Sviatoslav Mykhailiuk (Kansas), Domantas Sabonis (Gonzaga), Justin Jackson (North Carolina), and Malik Pope (San Diego State) are all scout darlings who were limited in their production as freshmen but flashed various degrees of ability in their first season of college basketball. Pope could climb boards the fastest as his athleticism and shooting ability fit the Paul George/Jimmy Butler/Kawhi Leonard profile that NBA teams are now properly valuing. Sabonis needs to show more skill away from the paint on both ends of the floor and Jackson needs to play with a better motor on a very talented Tar Heel team. Mykhailiuk remains a mystery at the college level but will either be quickly exposed or wildly applauded as he gains minutes for the Jayhawks in his sophomore season.


Despite popular belief, college upperclassmen continue to make an impact in the NBA from reigning MVP and NBA champion Stephen Curry to the numerous significant role players who make a greater impact on rookie contracts than many of their more hyped freshman counterparts. The depth of upperclassmen in this group is average with no guaranteed lottery picks returning. However, there are four prospects that enter the season on the lottery radar.

Michigan shooting guard Caris LeVert was a favorite prospect of mine last season prior to an injury cutting his junior season short. He disappointed a little bit in his brief time in the leading role in Ann Arbor but could shoot and defend his way into being a top-10 selection this season. Fellow Big 10 power forward Nigel Hayes emerged from prospect obscurity last season with Wisconsin and scouts are finally evaluating him as a first-round choice. He is an ideal power forward for pace-and-space basketball who should be able to legitimately defend and rebound while knocking down open looks.

Providence's Kris Dunn is the best returning player in major college hoops that many fans do not know. He is an outstanding defender with elite hands, feet, and length for a point guard. While he needs to grow in making better decisions with the basketball, he is a talented distributor who can make open looks. Of the upperclassmen returning, Dunn has the most potential to be a star at the next level. Oklahoma shooting guard Buddy Hield is a good candidate to win the Naismith Award in his senior season but most scouts do not view him as a first-round choice. In a draft with many variables, he is a late lottery pick entering the season due to his athleticism and shooting stroke.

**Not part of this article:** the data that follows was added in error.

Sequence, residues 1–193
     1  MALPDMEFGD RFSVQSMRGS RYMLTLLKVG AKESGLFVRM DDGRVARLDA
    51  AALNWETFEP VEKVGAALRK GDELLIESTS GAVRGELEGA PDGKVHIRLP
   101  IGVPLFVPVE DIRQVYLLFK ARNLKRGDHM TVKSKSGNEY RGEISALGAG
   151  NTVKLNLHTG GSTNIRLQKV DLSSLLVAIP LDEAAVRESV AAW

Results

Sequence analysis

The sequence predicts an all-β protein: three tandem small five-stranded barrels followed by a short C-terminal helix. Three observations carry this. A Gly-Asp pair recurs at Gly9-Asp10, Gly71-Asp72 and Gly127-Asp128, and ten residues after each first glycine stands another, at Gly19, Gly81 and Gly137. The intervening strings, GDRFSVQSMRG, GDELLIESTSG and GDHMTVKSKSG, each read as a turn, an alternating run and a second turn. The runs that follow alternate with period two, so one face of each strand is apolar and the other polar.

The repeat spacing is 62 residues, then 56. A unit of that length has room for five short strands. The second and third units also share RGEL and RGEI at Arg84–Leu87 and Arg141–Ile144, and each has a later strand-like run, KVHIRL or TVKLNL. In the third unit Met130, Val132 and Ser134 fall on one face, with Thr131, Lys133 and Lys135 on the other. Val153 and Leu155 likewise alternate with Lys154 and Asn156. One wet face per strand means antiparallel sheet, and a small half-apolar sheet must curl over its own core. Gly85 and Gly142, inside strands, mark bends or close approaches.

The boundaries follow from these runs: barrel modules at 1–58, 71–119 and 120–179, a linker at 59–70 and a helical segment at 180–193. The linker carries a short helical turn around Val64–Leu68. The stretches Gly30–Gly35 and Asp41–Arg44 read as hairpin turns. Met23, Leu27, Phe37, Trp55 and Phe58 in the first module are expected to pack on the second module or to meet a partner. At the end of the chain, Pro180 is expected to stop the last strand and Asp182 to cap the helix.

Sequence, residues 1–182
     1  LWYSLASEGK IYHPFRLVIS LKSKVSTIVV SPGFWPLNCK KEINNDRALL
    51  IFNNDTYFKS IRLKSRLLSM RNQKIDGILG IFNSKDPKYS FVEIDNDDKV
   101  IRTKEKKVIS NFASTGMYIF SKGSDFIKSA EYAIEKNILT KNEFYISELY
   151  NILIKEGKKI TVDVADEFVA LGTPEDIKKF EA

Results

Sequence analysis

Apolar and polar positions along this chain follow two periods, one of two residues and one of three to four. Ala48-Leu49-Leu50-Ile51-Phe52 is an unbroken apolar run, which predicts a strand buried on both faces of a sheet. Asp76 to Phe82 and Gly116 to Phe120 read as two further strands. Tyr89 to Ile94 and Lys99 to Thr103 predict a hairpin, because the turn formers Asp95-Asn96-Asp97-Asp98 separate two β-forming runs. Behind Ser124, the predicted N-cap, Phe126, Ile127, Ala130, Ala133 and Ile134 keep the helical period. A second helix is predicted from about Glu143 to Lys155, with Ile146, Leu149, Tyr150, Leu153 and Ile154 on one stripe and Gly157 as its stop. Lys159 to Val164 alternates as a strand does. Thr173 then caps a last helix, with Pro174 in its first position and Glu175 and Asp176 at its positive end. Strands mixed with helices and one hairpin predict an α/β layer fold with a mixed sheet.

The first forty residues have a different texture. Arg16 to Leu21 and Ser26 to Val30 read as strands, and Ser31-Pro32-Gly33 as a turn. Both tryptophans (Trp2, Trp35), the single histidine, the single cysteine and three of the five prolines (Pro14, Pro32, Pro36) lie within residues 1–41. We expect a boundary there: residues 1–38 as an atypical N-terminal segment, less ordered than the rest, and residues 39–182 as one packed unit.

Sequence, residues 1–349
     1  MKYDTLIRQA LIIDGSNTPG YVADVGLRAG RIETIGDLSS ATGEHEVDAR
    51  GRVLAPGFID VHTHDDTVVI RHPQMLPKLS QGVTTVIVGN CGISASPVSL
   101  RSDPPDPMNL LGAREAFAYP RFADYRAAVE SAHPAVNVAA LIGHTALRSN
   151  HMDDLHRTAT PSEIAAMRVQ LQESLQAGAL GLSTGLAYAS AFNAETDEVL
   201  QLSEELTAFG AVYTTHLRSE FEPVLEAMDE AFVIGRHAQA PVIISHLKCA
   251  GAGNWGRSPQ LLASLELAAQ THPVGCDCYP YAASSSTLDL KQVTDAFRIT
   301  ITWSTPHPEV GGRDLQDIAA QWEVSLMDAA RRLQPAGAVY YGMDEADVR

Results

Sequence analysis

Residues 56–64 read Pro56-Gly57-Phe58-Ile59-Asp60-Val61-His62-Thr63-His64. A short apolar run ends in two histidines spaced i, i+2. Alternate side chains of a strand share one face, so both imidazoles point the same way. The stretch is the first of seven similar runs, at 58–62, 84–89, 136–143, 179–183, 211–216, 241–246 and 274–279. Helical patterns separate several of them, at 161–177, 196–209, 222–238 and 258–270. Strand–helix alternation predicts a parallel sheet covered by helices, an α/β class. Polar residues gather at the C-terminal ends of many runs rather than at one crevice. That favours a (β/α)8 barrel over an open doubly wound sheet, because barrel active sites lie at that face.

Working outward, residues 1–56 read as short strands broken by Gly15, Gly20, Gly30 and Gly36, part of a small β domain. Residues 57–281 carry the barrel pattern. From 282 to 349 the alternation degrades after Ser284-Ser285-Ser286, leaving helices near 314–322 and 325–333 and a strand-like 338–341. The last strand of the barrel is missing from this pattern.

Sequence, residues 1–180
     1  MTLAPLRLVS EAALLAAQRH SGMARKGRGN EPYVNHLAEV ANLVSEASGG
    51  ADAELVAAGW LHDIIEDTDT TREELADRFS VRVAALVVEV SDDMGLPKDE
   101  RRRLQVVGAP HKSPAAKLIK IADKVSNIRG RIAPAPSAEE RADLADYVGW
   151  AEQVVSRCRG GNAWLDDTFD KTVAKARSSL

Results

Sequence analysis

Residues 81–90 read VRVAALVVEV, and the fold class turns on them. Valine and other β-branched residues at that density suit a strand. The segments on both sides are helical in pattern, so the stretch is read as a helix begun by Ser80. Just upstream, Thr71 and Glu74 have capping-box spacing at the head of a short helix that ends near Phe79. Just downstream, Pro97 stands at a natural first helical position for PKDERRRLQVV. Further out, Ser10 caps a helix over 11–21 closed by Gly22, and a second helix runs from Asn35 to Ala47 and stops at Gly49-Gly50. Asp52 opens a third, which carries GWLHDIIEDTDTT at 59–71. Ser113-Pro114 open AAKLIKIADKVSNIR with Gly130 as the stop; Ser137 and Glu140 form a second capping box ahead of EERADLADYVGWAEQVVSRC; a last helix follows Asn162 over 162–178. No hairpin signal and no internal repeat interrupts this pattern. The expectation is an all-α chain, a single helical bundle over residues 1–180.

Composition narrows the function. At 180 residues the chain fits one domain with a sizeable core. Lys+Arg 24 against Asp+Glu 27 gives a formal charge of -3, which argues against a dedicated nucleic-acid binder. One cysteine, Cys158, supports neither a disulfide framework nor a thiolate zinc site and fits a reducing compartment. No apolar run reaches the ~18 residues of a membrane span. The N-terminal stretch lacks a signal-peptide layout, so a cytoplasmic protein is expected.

Other upperclassmen to keep an eye on is almost anyone playing for North Carolina, Vanderbilt center Damian Jones, and Indiana junior Troy Williams. Two players that continue to be undervalued are Louisiana-Lafayette senior Shawn Long and Villanova junior Josh Hart. Mark those down as two prospects that are off of many boards but should hear their name called on draft night. Additionally, Kentucky small forward Alex Poythress was just beginning to realize the promise of his talent before last season's ACL injury. A healthy and productive season would make him a fast-rising prospect among scouts.


After the previously mentioned Dragan Bender, the international class lacks the depth of recent seasons. Every year, a couple of international players ride a wave of productivity into the first round despite being unrated at this time of year. Even with the assumption that such players should emerge, this class is not particularly strong.

Turkish shooting guard Furkan Korkmaz is the likeliest international player to be selected after Bender and a strong lottery candidate. The 6'7 shooter has length and plus athleticism to complement a strong shooting stroke. He has a strong ambition to play in the NBA but is woefully thin and struggles in action where there is not much space. In a draft weak on shooters, some team will be willing to bet on his physical development helping him develop his weaknesses as he matures.

Zhou Qi is an intriguing 7'2 Chinese center with some reasonable skill away from the basket. He has been injury prone in international events which has to be a little scary for some teams. Brazilian George de Paula is a raw point guard whose performances against other prospects has been uneven. If developed properly, he could become a strong defensive-oriented point guard with the ability to defend multiple positions. Among a pack of a dozen additional prospects that could find themselves rising into first-round selections, Russian small forward Alexsandar Vezenkov and Bosnian small forward Nedim Buza are the two that I am most interested to follow.


The 2016 NBA Draft Class lack any real identity but certainly one will emerge in the next few months. From what I have seen of the incoming freshmen class, more of them will struggle to be productive than live up to expectations. As a result, the class overall will be one of the weaker drafts of the last decade. With 12 teams having dealt (with protections in most cases) away 2016 first-round picks already, the 2016 NBA draft could have more selections made by teams who acquired a pick than those using their original pick. Unless some surprises arise early in this season, expect more picks to move as teams look to slide out of the guaranteed contracts of the late first round in order to chase 2016 free agents.